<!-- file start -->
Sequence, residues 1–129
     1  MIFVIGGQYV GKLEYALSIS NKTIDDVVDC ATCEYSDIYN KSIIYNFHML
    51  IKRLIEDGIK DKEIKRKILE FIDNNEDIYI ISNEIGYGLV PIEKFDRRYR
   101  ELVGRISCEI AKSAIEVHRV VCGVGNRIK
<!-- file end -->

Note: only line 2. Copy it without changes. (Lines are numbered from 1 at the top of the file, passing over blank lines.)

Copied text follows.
     1  MIFVIGGQYV GKLEYALSIS NKTIDDVVDC ATCEYSDIYN KSIIYNFHML